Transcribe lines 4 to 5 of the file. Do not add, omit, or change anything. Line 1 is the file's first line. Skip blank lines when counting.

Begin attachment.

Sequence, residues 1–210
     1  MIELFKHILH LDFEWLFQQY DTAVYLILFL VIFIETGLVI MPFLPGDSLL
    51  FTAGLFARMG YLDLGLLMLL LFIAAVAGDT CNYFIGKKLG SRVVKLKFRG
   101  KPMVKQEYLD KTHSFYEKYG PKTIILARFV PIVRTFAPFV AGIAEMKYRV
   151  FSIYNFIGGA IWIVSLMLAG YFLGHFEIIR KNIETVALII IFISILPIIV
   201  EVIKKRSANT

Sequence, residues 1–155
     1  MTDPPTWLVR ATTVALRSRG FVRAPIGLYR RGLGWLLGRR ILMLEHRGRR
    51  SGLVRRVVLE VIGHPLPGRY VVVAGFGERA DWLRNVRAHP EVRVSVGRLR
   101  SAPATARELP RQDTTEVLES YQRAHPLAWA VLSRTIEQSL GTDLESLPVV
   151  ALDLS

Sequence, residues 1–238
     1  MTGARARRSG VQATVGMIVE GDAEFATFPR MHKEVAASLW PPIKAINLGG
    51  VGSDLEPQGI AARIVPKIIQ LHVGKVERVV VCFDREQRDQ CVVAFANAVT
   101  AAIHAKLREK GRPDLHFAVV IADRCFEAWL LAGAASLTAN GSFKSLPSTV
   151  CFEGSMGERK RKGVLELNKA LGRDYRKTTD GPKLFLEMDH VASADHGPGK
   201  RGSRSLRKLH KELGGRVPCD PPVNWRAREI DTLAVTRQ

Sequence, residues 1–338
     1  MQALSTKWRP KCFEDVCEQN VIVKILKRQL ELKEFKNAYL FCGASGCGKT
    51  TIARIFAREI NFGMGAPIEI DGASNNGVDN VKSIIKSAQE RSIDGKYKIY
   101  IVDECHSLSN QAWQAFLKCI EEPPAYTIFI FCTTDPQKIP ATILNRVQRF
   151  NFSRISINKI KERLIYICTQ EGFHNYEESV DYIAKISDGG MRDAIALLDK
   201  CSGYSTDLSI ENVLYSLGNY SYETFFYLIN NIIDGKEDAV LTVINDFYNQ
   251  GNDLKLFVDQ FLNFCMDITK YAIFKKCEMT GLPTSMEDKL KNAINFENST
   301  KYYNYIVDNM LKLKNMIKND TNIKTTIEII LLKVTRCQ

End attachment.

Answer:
   101  KPMVKQEYLD KTHSFYEKYG PKTIILARFV PIVRTFAPFV AGIAEMKYRV
   151  FSIYNFIGGA IWIVSLMLAG YFLGHFEIIR KNIETVALII IFISILPIIV